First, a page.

How To Take Criticism

pyraknife

Criticize this.

 

We love to watch X Factor, or whatever, to see the train wreck. They get up there, ready to sing their hearts out, and they do. Except they are completely awful. There is a certain joy in watching someone fail so horribly at their life’s dream, and there seems to be no end to the supply of those who no longer want to slave away at Arby’s, work in the back of a Wal-Mart, or take overweight disability to suffer the burden of the need to sing for the rest of their lives. There are a lot of folks pretending to write in coffeehouses writing down important thoughts, too.

They don’t have anyone in their lives that loves them enough to tell them the truth.

The first draft is the furthest from the completed work. And, handing it over to someone often feels like sticking your hand into a saw or it feels like doing this. (We’ll get to dealing with rejection in another post.) You need an editor! You need a critic! Your story stinks. Nobody wants to read it. They’re not going to find your diaries after your death and publish them. Your song is drivel, and you know it. You’re either one of the rare people who don’t care at all, or it requires the engagement of others. While you can self-publish, most of what gets put up is vain, self-aggrandizing crap. If it could suffer the scrutiny and approval of someone else’s eyes, it might merit more attention.

You need criticism. You need practice in hearing how other people don’t like your stuff.

You probably need to build a circle of like minded people, like some Sheryl Crow Tuesday Club songwriter thing where you listen to each others bullshit and try and offer suggestions. Here’s how you take criticism: you seek it out. You relish it.

Repeat after me: Everyone who bothers to listen to your shitty band, or help with your unfinished work can help it to get better. You need their feedback. If you’re lucky enough, you’ll work with an editor–I’ve had some fantastic ones, including Hank Stuever, multiple-time nominee for the Pulitzer Prize in Features, currently the Arts and Entertainment Television reporter for the Washington Post.

Hank has keen insight, and a willingness to work with raw writers (I’m sure I was among the rawest) in the best Proustian manner. We were working on creative nonfiction in a glorious bubble at a doomed afternoon daily, The Albuquerque Tribune, left to tell stories that were overlooked by the daily paper of record (before the many free weeklies), and weaving bits of stories and narratives about rock bands, culture, music and things that can be hard to quantify. I found myself having difficulty making sure that the words on the page matched what I was trying to say.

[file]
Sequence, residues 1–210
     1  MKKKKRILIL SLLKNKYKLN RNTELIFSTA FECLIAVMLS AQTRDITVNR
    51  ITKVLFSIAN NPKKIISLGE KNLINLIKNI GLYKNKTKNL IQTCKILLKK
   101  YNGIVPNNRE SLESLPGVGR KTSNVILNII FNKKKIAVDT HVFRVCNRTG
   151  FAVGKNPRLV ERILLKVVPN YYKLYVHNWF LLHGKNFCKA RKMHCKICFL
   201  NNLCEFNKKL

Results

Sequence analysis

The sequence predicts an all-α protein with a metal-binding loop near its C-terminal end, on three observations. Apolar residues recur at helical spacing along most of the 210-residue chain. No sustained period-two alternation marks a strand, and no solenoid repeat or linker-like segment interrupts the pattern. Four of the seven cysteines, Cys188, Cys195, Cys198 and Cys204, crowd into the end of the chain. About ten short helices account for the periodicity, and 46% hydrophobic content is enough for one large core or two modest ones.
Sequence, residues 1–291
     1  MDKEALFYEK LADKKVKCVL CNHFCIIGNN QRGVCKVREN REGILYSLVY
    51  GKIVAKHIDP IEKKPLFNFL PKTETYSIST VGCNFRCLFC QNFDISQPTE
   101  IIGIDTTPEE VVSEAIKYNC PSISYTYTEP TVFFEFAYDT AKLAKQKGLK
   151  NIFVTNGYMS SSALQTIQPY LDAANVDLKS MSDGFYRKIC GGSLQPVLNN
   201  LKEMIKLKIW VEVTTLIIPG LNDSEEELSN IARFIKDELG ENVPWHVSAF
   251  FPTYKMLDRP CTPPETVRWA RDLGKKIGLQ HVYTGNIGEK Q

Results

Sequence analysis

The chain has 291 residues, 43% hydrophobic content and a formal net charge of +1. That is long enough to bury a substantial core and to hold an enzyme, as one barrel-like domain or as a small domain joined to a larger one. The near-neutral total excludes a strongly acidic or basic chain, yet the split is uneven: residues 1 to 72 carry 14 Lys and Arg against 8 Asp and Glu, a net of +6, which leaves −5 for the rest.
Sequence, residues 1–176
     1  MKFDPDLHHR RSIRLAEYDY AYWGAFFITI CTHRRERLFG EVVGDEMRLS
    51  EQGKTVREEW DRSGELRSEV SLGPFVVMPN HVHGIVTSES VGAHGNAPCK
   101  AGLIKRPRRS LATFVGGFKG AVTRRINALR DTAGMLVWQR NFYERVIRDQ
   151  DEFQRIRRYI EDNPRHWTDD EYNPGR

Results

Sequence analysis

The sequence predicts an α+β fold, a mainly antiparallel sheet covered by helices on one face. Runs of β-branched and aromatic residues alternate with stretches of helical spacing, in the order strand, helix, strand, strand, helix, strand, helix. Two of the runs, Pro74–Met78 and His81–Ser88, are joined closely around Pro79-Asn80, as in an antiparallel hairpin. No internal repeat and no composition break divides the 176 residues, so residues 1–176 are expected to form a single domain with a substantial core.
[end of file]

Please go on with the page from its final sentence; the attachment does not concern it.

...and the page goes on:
Often it didn’t. He would tell you when it sucked. Often what I brought to the editor was a jumbled mishmash. Crazy people make good therapists. He was a crazy story therapist.

Hank would say:

“Is there an easier way to say this?”

“This seems complicated, I’m not sure I understand this.”

He would de-personalize the process of reordering:

“It seems like this part of the story wants to go here.”

“This works, but I’m not sure where to put it.”

And, when one gem didn’t quite make the crown, it was always

“This is good, but it’s not helping the overall story.”

He fought to make sure that my “voice,” the words that I chose in the way that I chose them made it to publication. We were allowed to make mistakes in print. All of these things brought me to want to work with him. Most editors I’ve had have some of these qualities. We’ve all got egos here. And now, many years later, after I write, I read what I wrote. To find the faults.

You’re writing to be noticed, to be read, to have your ideas expressed. Great. Lots of published and successful people have done so without editing. But whether or not you have a gentle editor, you need one, because your work is shit. If you can’t find someone to edit your work, then read the piece out loud. You will find the rotten parts. There is always something in your work that could be better.

If you believe in it enough, you’ll revise, recast, cut 20 percent, redraft, rework and resubmit. You don’t want to be the train wreck.

Brendan Doherty

About Brendan Doherty

Brendan Doherty is a creative type living in Alameda, CA, with six chickens, a 16-year-old minivan, two children and a corporate charge card.

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